HUNTINGTON – A man who sued Huntington policemen, a federal agent and his former lawyer over his unjust incarceration, has dropped his claims against everyone but the lawyer.

On John David Mooney's motion, U.S. District Judge Joseph Goodwin on Aug. 25 dismissed ATF agent Todd Willard and Huntington police officers Jeff Sexton, Scott Hudson and Chris Jackson.

Mooney will continue to pursue a legal malpractice claim against lawyer Michael Frazier and the firm of Frazier and Oxley.

Mooney spent five years in federal prison on a charge of being a felon in possession of a firearm.

The Fourth Circuit Court of Appeals vacated his conviction this year, finding that Frazier should have allowed him to plead that circumstances justified his actions.

The appeals court found that Frazier's representation "fell below an objective standard of reasonableness."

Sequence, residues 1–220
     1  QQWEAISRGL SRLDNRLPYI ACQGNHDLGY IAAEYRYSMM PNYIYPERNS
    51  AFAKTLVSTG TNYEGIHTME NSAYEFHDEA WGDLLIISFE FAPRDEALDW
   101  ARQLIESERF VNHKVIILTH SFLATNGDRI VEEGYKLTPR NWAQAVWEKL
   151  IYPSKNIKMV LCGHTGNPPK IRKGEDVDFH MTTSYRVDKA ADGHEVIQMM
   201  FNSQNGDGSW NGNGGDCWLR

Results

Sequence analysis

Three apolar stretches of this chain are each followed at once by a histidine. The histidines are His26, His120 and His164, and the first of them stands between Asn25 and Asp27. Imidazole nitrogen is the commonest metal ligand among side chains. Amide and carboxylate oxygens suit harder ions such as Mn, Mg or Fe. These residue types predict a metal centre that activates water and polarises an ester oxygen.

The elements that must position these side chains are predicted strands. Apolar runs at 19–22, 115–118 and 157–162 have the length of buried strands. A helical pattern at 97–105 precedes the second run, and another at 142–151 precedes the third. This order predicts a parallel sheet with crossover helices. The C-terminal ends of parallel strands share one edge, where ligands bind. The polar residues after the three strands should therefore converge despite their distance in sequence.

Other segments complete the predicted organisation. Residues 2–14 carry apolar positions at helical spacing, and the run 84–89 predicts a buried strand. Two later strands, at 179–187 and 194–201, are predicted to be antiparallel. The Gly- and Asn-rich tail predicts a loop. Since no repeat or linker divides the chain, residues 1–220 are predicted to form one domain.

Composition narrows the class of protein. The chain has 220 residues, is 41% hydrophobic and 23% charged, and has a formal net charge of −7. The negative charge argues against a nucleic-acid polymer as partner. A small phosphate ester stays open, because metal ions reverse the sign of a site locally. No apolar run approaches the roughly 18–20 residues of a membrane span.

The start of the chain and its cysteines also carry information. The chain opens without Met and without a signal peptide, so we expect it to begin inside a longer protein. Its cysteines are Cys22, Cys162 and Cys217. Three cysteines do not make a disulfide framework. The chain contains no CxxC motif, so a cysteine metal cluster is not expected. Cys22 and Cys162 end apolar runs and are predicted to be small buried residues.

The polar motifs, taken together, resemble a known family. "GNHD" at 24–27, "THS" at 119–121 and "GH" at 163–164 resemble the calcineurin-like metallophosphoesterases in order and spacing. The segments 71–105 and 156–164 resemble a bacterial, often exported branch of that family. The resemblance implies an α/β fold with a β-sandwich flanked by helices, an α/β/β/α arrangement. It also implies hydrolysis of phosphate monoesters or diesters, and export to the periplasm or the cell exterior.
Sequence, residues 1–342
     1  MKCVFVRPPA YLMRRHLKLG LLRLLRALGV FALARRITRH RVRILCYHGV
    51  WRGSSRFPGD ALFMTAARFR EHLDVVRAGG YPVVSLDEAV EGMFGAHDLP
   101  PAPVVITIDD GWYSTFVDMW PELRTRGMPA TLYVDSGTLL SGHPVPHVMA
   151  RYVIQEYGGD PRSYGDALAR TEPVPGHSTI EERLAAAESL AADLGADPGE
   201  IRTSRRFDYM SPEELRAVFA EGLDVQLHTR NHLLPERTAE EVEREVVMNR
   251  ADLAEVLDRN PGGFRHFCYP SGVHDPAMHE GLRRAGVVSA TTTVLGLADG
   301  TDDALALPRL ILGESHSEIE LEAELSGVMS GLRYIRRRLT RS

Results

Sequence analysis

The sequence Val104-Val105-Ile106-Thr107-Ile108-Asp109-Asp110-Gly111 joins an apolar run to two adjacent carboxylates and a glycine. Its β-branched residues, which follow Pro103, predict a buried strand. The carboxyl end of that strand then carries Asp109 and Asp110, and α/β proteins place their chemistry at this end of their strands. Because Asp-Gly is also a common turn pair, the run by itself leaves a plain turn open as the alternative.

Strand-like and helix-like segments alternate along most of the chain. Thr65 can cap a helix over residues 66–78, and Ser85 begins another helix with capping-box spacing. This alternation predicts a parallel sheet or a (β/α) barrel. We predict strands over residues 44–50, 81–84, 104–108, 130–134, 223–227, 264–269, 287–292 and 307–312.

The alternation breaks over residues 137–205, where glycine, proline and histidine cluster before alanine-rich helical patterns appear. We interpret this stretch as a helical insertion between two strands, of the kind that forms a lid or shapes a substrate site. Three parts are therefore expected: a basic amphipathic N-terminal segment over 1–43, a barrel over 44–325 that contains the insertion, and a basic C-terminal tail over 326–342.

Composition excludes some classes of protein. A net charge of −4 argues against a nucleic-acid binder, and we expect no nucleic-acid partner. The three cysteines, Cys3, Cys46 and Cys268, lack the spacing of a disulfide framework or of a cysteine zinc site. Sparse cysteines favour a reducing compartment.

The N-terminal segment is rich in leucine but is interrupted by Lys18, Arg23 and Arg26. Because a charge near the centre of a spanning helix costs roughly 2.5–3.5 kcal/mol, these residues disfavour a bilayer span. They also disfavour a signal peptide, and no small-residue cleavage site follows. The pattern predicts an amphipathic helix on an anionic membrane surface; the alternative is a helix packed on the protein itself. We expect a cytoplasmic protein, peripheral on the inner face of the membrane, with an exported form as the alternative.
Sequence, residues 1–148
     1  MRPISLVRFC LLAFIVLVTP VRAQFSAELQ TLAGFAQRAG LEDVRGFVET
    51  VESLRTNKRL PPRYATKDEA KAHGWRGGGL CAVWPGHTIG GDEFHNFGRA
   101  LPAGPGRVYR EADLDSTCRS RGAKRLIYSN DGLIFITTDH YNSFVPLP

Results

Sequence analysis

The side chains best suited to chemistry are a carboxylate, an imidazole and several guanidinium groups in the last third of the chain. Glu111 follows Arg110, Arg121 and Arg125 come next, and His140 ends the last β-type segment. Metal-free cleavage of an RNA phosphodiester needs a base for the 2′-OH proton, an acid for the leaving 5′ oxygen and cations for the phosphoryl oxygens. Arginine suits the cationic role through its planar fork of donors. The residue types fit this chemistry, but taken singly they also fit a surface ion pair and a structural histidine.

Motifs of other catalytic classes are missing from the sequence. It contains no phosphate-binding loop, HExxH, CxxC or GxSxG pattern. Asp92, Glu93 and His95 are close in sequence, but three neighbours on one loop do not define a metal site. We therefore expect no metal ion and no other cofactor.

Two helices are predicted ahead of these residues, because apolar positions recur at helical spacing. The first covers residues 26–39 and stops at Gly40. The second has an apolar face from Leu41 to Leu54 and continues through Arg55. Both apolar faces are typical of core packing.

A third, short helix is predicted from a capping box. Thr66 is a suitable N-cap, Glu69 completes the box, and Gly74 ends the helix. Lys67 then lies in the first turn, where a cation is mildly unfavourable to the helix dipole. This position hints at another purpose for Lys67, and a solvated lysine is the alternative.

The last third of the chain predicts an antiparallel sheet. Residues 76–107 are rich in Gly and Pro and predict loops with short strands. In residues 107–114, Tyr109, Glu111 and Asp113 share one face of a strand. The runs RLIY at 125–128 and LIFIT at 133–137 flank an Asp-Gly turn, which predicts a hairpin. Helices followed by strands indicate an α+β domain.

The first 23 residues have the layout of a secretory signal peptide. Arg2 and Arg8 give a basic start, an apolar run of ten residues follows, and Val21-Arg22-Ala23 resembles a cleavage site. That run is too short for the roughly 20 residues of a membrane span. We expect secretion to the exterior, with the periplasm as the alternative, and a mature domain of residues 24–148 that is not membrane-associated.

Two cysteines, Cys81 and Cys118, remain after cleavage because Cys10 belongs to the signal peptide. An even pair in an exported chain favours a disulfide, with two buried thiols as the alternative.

Mooney's parents died while he served time, and he missed both funerals.

In 2002, he shared a home with his former wife. One day as he watched television, she put a pistol to his head.

He grabbed the gun and decided to take it to his employer, eight blocks away. She called police, who arrested him.

Mooney pleaded guilty.

According to his current lawyers, Nicholas Preservati and Joseph Jenkins of Charleston, Frazier had advised him that there was no defense to the charge.

At a sentencing hearing, Mooney asked U.S. District Judge Robert Chambers to withdraw the plea, but Frazier told Mooney he couldn't withdraw it.

Chambers sentenced Mooney to 15 years in prison.

After Mooney gained his freedom, Preservati and Jenkins filed suit this April against Frazier, the policemen and agent Willard.

Mooney sought compensatory and punitive damages for economic loss, physical injury and mental anguish.

On July 30, lawyer Michael Farrell moved to dismiss the Huntington policemen.

Farrell wrote that the police did nothing to cause Frazier's failure to assert justification as a defense.

On Aug. 4, Assistant U.S. Attorney Kelly Curry of Charleston advanced the same argument in moving to dismiss Willard.

The argument succeeded, for on Aug. 21 Mooney moved to dismiss Willard, Sexton, Hudson and Jackson.

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